published Tuesday, June 10th, 2014

The vulnerability of the Tennessee River and our drinking water

  • photo
    The Tennessee-American Water Company's Citico water treatment plant is located next to the Tennessee River near downtown Chattanooga.
    Photo by John Rawlston.
    enlarge photo

Tennessee-American Water Co. passes with A's on its annual drinking water quality report for Chattanooga. But a clean water group laments that "good enough for government work" doesn't mean there isn't room for improvement.

According to the water company's 2013 report, Chattanooga's drinking water passes federal requirements on all monitored substances and two disinfection byproducts. The company also disclosed levels on 13 other substances it is not required to report, such as alkalinity, aluminum, potassium and others.

But the readings for one type of carcinogenic chemicals -- trihalomethanes -- are too high for comfort, according to Tennessee Clean Water Network Executive Director Renee Hoyos. There are further steps government and water utilities could take to make it cleaner, especially when it comes to the chemicals used to clean up the water, she said.

"Some of the products for disinfection can be as nasty as the pollution. There's concern there because they are trying to disinfect it for one thing, but that creates these other compounds that could harm human health in the long run," Hoyos told Times Free Press reporter Louie Brogdon last week for a report that published Monday. "You might not get dysentery this week, but you might get cancer six years from now."

Even experts agree that an "A" rating doesn't mean the water is free from contaminants, especially since the standards federal and state inspectors test look only at 90 contaminants mostly set in the 1970s.

Since then, numerous chemicals have come on the scene, and much has been learned about a growing soup of pharmaceuticals that is routinely showing up in water here and across the country. Those substances include everything from antibiotics to hormones to an industrial chemical known as PFOA (perfluorooctanoic acid) used in making non-stick cookware and stain-resistant carpeting that now is known to be a developmental toxin and suspected carcinogen.

In 2009, regulators weren't required to test for those emerging concerns, but the Environmental Protection Agency released a list of 104 additional chemical contaminants and 12 microbes, including pharmaceuticals and PFOA compounds -- pollutants that already had been found in samples from the Tennessee River and Georgia's Conasauga River. EPA's list of new contaminants was whittled from about 7,500 chemicals and microbes, officials said.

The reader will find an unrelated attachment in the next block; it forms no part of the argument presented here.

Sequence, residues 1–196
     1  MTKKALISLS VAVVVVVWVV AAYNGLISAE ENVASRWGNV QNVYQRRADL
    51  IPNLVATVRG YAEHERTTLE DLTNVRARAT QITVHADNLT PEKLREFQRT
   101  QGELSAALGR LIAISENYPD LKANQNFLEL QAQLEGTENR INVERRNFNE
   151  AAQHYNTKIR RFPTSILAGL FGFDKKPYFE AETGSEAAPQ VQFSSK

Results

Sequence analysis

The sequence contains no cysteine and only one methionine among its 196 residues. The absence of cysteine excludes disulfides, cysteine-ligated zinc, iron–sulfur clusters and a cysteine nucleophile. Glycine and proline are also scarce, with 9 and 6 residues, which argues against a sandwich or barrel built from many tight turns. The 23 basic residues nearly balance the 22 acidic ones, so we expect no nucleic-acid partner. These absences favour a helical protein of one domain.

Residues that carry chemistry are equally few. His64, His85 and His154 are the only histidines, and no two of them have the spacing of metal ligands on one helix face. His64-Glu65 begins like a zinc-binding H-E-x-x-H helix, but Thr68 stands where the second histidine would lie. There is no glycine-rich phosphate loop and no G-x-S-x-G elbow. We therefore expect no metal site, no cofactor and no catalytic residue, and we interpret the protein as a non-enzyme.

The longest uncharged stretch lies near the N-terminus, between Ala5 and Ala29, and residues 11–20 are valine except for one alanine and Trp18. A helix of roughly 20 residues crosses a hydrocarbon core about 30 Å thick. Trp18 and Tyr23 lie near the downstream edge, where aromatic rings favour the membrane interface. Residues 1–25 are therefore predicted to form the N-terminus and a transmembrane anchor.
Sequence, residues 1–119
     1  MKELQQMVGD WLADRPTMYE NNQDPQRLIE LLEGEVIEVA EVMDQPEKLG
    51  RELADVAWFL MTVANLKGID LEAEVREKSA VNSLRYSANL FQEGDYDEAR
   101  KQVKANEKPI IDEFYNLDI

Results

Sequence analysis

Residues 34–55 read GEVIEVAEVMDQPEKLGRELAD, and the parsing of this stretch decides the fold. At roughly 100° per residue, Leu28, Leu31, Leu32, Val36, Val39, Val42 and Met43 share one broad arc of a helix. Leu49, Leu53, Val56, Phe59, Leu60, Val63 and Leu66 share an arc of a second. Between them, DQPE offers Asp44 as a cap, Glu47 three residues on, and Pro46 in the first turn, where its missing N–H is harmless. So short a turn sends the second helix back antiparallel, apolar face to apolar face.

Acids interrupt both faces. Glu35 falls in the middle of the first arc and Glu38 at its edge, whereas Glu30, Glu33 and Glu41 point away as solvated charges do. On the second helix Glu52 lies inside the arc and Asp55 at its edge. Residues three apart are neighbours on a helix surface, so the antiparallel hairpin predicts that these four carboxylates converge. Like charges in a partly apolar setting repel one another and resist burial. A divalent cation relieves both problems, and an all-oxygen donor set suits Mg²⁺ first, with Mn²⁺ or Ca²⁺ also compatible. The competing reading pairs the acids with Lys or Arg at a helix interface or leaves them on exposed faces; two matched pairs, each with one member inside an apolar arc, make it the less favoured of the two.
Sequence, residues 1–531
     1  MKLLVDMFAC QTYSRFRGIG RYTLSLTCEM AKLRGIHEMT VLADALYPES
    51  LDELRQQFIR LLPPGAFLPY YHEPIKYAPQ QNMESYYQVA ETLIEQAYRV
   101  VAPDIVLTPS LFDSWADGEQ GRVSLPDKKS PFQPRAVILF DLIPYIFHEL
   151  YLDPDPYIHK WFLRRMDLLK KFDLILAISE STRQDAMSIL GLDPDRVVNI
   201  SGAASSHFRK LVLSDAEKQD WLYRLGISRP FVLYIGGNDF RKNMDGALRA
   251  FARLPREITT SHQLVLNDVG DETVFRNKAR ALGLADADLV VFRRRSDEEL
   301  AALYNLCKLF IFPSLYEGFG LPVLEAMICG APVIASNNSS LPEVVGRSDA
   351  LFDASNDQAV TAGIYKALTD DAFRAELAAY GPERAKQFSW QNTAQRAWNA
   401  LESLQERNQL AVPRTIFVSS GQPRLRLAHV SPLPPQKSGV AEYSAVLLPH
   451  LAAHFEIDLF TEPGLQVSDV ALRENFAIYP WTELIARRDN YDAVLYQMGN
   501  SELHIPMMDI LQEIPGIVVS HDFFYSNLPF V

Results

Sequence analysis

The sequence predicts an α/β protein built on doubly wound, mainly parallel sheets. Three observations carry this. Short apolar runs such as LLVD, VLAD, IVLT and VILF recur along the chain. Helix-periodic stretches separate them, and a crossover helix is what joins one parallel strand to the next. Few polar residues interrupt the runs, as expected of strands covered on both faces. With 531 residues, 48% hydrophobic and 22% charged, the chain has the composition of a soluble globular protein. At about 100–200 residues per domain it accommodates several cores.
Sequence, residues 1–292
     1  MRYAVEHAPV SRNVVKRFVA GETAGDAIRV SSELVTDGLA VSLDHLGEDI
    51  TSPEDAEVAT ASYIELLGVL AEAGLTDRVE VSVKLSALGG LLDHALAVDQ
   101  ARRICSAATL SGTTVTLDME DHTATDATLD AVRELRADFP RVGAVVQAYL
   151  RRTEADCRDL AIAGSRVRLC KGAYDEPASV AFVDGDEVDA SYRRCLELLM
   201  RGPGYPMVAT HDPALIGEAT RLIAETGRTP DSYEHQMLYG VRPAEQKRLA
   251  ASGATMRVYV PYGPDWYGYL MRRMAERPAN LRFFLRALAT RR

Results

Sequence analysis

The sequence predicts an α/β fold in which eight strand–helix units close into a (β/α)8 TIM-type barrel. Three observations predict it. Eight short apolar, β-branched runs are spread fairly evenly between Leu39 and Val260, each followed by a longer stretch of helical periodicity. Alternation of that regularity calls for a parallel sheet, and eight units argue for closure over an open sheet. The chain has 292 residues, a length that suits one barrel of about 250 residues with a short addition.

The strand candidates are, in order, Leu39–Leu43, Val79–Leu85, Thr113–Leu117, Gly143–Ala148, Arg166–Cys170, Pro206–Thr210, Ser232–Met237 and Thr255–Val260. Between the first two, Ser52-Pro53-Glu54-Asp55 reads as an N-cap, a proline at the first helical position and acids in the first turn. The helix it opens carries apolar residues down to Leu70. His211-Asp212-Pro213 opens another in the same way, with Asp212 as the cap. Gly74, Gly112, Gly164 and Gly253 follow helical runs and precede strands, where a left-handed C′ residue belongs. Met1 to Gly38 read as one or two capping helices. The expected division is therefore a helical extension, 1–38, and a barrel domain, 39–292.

The EPA said agency scientists and policymakers would make regulatory decisions by 2013 for at least five of the proposed 104 contaminants. We're still waiting.

Mark LeChevallier, director of innovation and environment stewardship for American Water Co., the parent company of Tennessee-American, conducts lab tests on water samples from the 32 states where company's facilities are located, and in 2009 he applauded EPA's announcement. He said American Water had been tracking the pharmaceutical and personal care products issue for more than a decade, but without standards for emerging concerns and even for EPA-approved standard testing practices, the company's research was hampered.

On the other hand, the trihalomethanes that just this past year were found to be rising in our water already have standards -- and with Tennessee-American's data, we know we are pushing the limit.

Trihalomethanes are made when chlorine disinfects organic material in the water that is pulled from a drinking water source such as the Tennessee River. Long-term exposure to high levels of these chemicals can harm the liver, kidneys and central nervous system -- and may cause an increased risk for cancer, according to Tenn-Am's drinking water quality report for Chattanooga.

The maximum federal limit for average trihalomethane levels in drinking water is 80 parts per billion. For perspective, that's no more than 80 drops of water in an Olympic-sized swimming pool. Readings here ranged from 34.8 to 106.9 ppb, with seven of 33 quarterly samples rising above the limit. But our "A" grade is based on an average of those 33 quarterly samples, and the average is 76.4 ppb -- up from 46 ppb in 2012. In that Olympic pool, this past year was just 3.6 drops away from being at that safety limit.

Daphne Kirksey, spokeswoman for the water company, told Brogdon that residents should not be alarmed by the trihalomethane levels. The 80 ppb limit is based on a yearly average, and of the 33 quarterly samples taken, seven were over 80 ppb.

"Having a result above 80 is not alarming, but we released that for full disclosure," she said. The company also has been creating annual reports for decades -- including 25 years before the reports were federally required.

We applaud that, but as Gary Burriss, an environmental specialist with the Tennessee Department of Environment and Conservation, said, the Tennessee River is a big system with a big potential for pollution. The river's main stem is 652 miles long, and its tributaries add hundreds more miles.

Clearly we have a rising concern, and we cannot rest on today's "A" grade-- or wait for EPA to play catch-up.

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